The dailiness, even hourliness, of social media makes it a perfect vehicle for documenting each thump of the wrecking ball, each crunch of the backhoe.
Its visual slant is ideal for activism wrapped up in pictures. Rather than tidy before-and-after images, it’s far more shocking to see the amount of work needed to take down a building, and the sprawl of material contained in its walls.
via Saving Buildings with Social Media – The New Yorker.
Social networking is not, it turns out, winner take all.
In the past, one might have imagined that switching between Facebook and “some other network” would be difficult, but the smartphone interface makes it easy to be on a dozen networks.
All messages come to the same place—the phone’s notifications screen—so what matters is what your friends are doing, not which apps they’re using.
via The Fall of Facebook – The Atlantic.
.. not only are we hearing the same hits with greater frequency, but the hits themselves sound increasingly alike.
As labels have gotten more adept at recognizing what’s selling, they’ve been quicker than ever to invest in copycats.
via The Shazam Effect – The Atlantic.
- H.R. 5682 [113th]
To approve the Keystone XL Pipeline
- H.R. 2 [113th]
American Energy Solutions for Lower Costs and More American Jobs Act
- S. 744 [113th]
Border Security, Economic Opportunity, and Immigration Modernization Act
- H.R. 4194 [113th]
Government Reports Elimination Act of 2014
- H.R. 4 [113th]
Jobs for America Act
- H.R. 1821 [113th]
Registered Nurse Safe Staffing Act of 2013
- S. 1086 [113th]
Child Care and Development Block Grant Act of 2014
- H.Res. 748 [113th]
Providing for consideration of the bill (H.R. 5682) to approve the Keystone XL Pipeline
- S. 649 [113th]
Safe Communities, Safe Schools Act of 2013
- H.R. 3547 [113th]
Consolidated Appropriations Act, 2014
via THOMAS Top Ten for 11/16/2014 – THOMAS Library of Congress.
Pavlov entered the intellectual world of St. Petersburg at an ideal moment for a man eager to explore the rules that govern the material world.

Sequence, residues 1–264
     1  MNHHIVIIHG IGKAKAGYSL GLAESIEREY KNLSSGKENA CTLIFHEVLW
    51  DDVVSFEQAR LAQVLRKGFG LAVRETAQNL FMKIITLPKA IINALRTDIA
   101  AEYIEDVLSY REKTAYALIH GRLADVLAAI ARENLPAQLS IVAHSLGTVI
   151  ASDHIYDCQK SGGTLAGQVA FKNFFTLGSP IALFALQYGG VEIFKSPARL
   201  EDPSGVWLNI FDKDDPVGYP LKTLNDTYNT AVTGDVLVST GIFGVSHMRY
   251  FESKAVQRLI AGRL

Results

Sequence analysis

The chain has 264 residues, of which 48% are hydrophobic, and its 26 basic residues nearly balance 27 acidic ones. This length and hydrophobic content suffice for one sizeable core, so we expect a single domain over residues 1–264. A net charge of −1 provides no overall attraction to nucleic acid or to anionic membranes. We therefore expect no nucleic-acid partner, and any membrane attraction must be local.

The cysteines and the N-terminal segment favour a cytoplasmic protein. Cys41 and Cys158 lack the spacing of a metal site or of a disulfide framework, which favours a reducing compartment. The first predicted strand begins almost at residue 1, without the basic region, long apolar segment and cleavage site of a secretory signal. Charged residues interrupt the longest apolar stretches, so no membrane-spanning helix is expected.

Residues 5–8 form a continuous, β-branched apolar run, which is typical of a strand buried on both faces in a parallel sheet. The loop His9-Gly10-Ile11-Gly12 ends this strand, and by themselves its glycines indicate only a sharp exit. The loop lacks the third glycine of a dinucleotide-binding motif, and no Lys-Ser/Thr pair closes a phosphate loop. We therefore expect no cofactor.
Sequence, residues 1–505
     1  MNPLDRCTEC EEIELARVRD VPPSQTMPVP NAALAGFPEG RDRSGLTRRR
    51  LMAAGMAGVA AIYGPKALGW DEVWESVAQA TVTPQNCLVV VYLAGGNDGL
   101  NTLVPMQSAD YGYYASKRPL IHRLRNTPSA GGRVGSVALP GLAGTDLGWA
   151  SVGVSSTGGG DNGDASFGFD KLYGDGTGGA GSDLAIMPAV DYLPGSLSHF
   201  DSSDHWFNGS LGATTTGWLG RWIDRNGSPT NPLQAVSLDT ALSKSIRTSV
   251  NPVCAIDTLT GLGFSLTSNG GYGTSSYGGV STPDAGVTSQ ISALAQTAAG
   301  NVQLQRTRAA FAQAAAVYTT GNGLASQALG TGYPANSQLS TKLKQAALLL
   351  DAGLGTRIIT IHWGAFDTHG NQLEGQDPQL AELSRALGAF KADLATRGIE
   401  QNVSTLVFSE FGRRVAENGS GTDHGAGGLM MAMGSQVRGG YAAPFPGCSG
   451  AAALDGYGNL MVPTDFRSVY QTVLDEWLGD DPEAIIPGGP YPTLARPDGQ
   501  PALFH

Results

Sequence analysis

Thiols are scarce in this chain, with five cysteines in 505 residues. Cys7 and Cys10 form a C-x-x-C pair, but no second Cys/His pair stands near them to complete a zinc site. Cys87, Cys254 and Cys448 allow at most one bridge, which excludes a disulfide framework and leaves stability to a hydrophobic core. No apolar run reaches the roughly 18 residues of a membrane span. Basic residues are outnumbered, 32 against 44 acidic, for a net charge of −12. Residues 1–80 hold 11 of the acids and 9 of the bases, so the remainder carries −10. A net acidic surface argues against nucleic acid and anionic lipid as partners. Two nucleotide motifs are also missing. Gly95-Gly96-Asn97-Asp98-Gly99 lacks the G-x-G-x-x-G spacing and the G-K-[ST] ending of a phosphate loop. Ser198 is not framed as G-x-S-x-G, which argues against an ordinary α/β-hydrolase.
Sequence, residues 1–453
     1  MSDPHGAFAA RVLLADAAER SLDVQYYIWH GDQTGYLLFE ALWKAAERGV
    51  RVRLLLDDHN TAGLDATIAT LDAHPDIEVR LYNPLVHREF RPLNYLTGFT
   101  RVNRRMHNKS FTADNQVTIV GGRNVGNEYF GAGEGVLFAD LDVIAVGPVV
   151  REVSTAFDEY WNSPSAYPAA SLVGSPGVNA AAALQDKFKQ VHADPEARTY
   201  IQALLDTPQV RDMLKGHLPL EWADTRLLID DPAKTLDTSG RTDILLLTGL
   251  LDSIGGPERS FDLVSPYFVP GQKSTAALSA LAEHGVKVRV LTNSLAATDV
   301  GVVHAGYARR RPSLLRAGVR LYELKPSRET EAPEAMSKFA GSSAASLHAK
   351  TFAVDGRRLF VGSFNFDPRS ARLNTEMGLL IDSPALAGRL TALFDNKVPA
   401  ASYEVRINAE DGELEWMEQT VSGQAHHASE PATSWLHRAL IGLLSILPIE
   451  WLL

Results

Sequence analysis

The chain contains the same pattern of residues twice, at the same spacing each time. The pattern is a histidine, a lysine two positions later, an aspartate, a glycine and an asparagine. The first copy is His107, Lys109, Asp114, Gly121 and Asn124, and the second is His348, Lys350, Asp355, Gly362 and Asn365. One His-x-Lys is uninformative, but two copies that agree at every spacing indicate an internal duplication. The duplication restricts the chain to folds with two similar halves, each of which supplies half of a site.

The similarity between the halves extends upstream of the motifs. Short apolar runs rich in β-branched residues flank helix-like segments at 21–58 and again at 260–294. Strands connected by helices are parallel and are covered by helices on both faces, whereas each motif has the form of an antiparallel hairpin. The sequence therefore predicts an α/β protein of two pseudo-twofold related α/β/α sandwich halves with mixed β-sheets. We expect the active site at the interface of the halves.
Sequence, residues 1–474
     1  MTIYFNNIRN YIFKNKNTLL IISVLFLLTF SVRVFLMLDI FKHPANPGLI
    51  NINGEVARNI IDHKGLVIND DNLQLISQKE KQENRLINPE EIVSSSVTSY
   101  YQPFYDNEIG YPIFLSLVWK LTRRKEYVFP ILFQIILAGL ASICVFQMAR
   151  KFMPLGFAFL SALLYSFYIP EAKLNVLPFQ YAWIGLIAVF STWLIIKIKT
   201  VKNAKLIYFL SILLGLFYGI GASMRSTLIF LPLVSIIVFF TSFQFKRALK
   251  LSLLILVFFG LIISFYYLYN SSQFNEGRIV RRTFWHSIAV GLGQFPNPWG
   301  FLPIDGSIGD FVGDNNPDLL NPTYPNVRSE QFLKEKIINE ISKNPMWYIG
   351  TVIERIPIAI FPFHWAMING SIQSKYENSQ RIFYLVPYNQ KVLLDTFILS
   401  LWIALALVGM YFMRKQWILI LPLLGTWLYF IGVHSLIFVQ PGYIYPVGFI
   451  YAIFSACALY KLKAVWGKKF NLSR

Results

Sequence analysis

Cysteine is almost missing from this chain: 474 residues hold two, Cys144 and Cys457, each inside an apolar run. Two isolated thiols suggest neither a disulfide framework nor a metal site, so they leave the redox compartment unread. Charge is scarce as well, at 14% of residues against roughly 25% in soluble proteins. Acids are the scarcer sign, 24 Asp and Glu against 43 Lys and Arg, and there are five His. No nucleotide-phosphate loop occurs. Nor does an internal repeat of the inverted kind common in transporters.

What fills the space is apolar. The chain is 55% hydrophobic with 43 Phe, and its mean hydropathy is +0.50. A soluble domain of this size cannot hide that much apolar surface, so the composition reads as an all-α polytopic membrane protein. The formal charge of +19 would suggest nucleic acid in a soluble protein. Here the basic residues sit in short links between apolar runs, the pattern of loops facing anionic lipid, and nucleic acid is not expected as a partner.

The tsar had freed the serfs in 1861, helping to push Russia into the convulsive century that followed. Darwin’s theory of evolution was starting to reverberate across Europe. Science began to matter in Russia in a way it hadn’t before.
via How Everyone Gets Pavlov Wrong.
What a victory for the plaintiffs in King would do is create two classes of citizens when it comes to Obamacare.
For people who live in one of the fourteen states that have set up their own exchanges, like California and New York, things will remain as they are now.
via On Obamacare, the G.O.P. Lays a Trap for Itself – The New Yorker.
Hours after Mr. Obama flew home to Washington, Chinese President Xi Jinping attended the signing of the pact in Canberra, which is expected to give Australian agriculture advantages over competitors from the U.S., Canada and the European Union.
via China, Australia strike major free-trade deal after Obama leaves – Washington Times.
“Our access to free-agent talent, it just doesn’t exist.”
“You’re gently poaching from others, and protecting your turf.”
via 10 hottest IT skills for 2015 | Network World.
The greatest growth of civil forfeiture has taken place since President Obama moved into the White House with seizures nearly doubling from 2008 to today.
Loretta Lynch, Mr. Obama’s choice to succeed Attorney General Eric H. Holder Jr. has served as U.S. Attorney for the Eastern District of New York and has emerged as one of the nation’s chief prosecutorial advocates of civil forfeiture. As The Wall Street Journal noted on her selection, she has bragged that in 2013 alone, her office accounted for more than $904 million in such seizures.
A car here, a house there and pretty soon you’re talking about real money, much of which is extorted from innocent victims.
via EDITORIAL: Time for civil-forfeiture reform – Washington Times.
Civil forfeiture was one clever way of attacking the problem.
Rather than targeting the thugs through criminal prosecution, the civil approach targeted the instrumentalities that facilitated crime and the assets that were its proceeds — either cash or the things that money can buy. Although government prosecutors brought the cases, they were civil in nature, not criminal.
via ANDREW C. McCARTHY: The menace of civil forfeiture – Washington Times.